Garbage can 101
Can The Coast please write an article about what a garbage can is used for and how to recognize one? Based on the amount of litter in our area, the general public is sadly lacking in this knowledge. —Carolyn Pineau, Cole Harbour
Editor's note: Garbage cans, green boxes, blue bags, paper vs plastic...it gets pretty confusing when you're trying to be a good partner in the city's waste management efforts. But things are simple for would-be litter bugs. The street, sidewalk, path or field is never where your trash goes. Class dismissed. For an advanced course on recycling, turn to page 13.
I live in Tofino, BC and am close friends of Kimberly Johnston, the sister and best friend of Kristin Johnston, who was recently slain in her home in Halifax. I am doing everything I can to help support Kim and her husband, Cameron, their one-year-old daughter and baby number two on the way. Our community has started a GoFundMe to help keep Cameron home for a time with his grieving wife without worrying about finances, and to provide them more opportunity for counselling and other services. Please share the link to the campaign—gofundme.com/bgwgrugk—to your side of the country. I know that Kristin had become very immersed in the community out there, and I'm sure our grieving friends here could find some support there. —Deanna Lankin, Tofino, BC
What is Stephen McNeil missing?
Premier McNeil: I can take the lying. The personal attacks on the film industry. I can take the spin your bagmen and puppet-masters are providing you. I can take the politics. But your CBC interview this morning hit a new low. SHAME ON YOU for using the health of children and health-care waiting lists to mislead the public yet once again on the film industry. If you had any shred of decency you would resign and crawl back into the cesspool you emerged from. —Rob Grani, Halifax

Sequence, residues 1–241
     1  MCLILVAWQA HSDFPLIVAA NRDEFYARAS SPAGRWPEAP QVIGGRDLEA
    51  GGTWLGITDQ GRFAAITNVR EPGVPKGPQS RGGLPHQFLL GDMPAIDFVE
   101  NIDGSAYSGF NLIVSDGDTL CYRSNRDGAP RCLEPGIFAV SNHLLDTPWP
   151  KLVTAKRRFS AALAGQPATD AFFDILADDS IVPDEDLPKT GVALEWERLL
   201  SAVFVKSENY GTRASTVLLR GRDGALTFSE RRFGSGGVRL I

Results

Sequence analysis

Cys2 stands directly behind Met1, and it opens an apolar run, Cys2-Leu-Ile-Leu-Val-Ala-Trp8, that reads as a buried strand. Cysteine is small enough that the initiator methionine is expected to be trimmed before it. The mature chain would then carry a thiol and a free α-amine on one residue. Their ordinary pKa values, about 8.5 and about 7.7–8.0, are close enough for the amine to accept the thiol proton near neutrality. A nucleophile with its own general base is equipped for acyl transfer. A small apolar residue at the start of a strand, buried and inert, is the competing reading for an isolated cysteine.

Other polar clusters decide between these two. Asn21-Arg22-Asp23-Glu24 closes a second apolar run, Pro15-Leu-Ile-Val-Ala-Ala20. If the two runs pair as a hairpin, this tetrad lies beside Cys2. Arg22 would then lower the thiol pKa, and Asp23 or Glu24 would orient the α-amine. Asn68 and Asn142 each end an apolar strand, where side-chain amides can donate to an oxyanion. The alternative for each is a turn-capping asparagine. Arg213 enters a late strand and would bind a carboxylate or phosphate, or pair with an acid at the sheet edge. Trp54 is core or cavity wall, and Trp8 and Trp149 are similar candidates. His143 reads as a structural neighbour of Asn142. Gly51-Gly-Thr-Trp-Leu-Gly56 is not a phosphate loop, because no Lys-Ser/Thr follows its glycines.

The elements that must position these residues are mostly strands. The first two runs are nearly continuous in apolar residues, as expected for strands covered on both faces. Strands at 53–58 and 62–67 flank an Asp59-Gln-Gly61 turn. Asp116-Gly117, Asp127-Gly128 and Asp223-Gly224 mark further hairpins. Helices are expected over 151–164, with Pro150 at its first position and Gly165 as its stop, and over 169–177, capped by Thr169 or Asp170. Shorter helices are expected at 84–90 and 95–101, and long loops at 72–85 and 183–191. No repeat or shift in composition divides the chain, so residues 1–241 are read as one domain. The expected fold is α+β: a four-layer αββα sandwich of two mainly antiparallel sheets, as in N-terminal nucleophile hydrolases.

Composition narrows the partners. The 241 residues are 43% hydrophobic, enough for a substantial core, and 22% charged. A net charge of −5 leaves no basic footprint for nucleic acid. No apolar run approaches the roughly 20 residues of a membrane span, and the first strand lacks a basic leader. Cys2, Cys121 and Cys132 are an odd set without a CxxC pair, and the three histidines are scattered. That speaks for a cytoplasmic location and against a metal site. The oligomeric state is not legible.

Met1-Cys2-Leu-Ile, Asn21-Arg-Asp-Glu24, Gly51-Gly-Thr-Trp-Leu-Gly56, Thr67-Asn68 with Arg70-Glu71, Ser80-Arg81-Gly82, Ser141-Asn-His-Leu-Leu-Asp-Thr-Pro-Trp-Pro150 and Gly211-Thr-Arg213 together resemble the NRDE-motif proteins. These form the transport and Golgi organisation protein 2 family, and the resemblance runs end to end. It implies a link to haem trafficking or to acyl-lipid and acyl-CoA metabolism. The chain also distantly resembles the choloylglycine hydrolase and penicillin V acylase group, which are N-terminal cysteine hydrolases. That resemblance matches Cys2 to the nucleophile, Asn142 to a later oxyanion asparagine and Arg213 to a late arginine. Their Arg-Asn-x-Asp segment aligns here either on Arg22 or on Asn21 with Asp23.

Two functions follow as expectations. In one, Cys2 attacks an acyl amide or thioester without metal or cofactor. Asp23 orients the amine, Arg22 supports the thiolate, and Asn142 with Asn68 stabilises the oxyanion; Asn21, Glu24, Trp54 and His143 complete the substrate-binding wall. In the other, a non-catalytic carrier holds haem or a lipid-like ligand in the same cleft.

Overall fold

I apologize for my "Shame on you Mr. Premier" email. No excuse, I am sorry.
The new Nova Scotia Film and Television Production Incentive Fund has faults ("Quiet on the set," cover story by Michael Lake, April 14). Once these are fixed, the fund has the potential of opening up the entire province to film work. The sooner the proposed changes are made, and we get back to work, the sooner the province reaps the benefits.
All countries, states and provinces that have viable film industries have some form of government credit or incentive to lure production (including Hollywood!). They work basically the same way: The work is completed and an audit of the expenses is performed. In Nova Scotia's case, only money spent on Nova Scotian labour, goods and services qualify for the incentive. There is no upfront subsidy.
As Michael Lake explained, to a large extent our incentive fund is modelled on Alberta's. Alberta and Nova Scotia annually set aside money for film, the difference being if the budget estimate is exceeded, Alberta does not turn away further eligible productions. In Nova Scotia, once the fund is exceeded, the government has the option to not fund production.Nova Scotia is saying "We won't guarantee that the money will be there, even if you have met all the marks required under the guidelines." This is the uncertainty that is keeping productions away.
Let's say, worst case, the old tax credit and/or the new incentive fund are revenue neutral—neither earning nor costing the province anything. The incentive still provides employment for a couple of thousand people. The province benefits from having creative workers employed in good-paying jobs with benefits and paying taxes.
We are a net benefit to the province in so many ways. The changes asked for are minimal—and reasonable, according to business minister Furey. If the will and position of the government doesn't change, the next get-together of film workers will be at the welfare office. —Rob Grani, Halifax